As financial institutions worldwide battle the headwinds of tighter monetary policy and slowing economic growth, they are having to do so in an environment of increased regulatory scrutiny.
Last month, the European Supervisory Authorities (ESAs) laid out their
requirements for the disclosure of financial products’ exposure to fossil gas and nuclear energy. The Financial Consumer Agency of Canada (FCAC) recently unveiled
new guidelines on complaint-handling procedures for banks. Perhaps most pressing, new Consumer Duty regulation from the UK’s Financial Conduct Authority (FCA) requires financial institutions
to put customer interests at the heart of their operations.
This heightened regulatory landscape presents challenges — but also opportunities to leverage customer experience for competitive advantage. Leaders will benefit from the stacked wins of reduced overheads (from better management of the regulatory risks that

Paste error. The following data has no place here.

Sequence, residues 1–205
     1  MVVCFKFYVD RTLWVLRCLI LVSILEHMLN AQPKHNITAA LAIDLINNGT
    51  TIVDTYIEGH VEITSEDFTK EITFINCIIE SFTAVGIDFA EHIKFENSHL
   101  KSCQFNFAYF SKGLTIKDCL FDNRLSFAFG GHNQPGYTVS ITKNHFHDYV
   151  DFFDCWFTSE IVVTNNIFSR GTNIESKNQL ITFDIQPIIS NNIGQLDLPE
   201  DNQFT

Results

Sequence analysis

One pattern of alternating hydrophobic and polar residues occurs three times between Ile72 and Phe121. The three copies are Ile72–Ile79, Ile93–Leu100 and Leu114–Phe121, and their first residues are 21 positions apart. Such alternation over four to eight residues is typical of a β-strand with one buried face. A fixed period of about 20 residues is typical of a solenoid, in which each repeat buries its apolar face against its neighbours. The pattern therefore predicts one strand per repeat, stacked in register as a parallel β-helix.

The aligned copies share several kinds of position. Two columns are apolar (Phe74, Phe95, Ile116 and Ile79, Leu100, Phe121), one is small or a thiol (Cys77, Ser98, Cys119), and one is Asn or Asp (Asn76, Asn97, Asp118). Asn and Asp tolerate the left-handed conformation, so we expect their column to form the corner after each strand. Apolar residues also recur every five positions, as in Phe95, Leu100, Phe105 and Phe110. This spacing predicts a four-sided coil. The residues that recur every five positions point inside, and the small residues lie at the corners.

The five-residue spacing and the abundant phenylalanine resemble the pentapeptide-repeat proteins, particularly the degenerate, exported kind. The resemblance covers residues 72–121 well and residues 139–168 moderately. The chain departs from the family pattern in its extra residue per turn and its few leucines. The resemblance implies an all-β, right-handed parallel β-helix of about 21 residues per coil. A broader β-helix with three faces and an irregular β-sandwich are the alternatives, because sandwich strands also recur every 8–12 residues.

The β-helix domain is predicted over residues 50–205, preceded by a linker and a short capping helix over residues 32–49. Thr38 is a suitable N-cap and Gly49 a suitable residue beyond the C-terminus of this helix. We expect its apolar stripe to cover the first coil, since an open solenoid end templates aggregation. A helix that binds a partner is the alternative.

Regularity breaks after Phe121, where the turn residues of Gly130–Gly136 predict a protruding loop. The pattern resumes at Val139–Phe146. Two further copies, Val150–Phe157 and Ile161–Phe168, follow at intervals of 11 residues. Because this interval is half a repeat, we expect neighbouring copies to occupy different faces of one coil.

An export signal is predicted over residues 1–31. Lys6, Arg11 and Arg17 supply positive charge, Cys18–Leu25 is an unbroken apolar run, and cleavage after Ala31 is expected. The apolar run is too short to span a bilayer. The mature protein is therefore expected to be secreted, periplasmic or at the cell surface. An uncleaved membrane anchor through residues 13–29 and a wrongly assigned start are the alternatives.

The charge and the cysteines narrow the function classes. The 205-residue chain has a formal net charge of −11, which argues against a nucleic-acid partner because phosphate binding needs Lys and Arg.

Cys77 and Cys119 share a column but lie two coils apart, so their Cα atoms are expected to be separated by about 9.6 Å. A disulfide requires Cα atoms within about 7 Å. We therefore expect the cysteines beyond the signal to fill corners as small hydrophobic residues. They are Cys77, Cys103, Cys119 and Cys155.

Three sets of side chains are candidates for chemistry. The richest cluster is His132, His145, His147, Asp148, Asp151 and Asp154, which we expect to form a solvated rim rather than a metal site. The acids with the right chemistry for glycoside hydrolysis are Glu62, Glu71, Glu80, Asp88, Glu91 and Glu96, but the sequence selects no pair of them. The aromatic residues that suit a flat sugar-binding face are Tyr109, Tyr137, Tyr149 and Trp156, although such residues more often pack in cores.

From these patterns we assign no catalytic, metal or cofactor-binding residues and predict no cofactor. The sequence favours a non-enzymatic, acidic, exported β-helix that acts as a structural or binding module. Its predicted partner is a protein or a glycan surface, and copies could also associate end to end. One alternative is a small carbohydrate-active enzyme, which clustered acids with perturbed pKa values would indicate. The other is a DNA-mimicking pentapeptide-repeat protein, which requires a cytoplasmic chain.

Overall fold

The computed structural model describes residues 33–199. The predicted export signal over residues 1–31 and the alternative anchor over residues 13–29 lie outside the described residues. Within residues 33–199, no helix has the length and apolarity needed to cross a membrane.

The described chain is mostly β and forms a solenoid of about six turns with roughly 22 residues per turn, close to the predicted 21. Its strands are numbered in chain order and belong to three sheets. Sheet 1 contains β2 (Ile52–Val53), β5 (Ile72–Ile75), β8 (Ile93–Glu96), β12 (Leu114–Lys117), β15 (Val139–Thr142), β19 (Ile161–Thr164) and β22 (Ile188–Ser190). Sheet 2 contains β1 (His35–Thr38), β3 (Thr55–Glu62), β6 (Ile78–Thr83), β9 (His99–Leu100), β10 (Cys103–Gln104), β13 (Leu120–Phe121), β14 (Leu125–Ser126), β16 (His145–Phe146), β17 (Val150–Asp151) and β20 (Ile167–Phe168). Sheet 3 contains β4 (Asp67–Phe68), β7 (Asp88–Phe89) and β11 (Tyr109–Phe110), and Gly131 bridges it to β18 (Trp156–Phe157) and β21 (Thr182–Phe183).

push cost into operations), coupled with improved brand perception and greater customer loyalty.
But, in the current fiscal environment, are financial institutions set up for success? The evidence suggests not.
The rising cost of non-compliance
In the EMEA region, despite regulators being less able to conduct onsite inspections during the pandemic,
the value of financial penalties ballooned 244% between 2020 and 2021. Over the same period, the USA’s Consumer Financial Protection Bureau (CFPB) reported
increased complaints in almost every category, with complaints regarding credit or consumer reporting growing 122% year-on-year.
Increasingly, regulators are taking steps to ensure this lackluster state of play is not allowed to continue.
Take the UK’s upcoming Consumer Duty. This sweeping regulation, impacting all regulated firms in the distribution chain of financial products, will focus on achieving four outcomes:
With breaches subject to fines and other punitive measures, the expectation is that this will lead to a major shift in financial services in the UK. Too often, however, firms’ regulatory efforts are compliance-led, rather than being owned by the entire organization.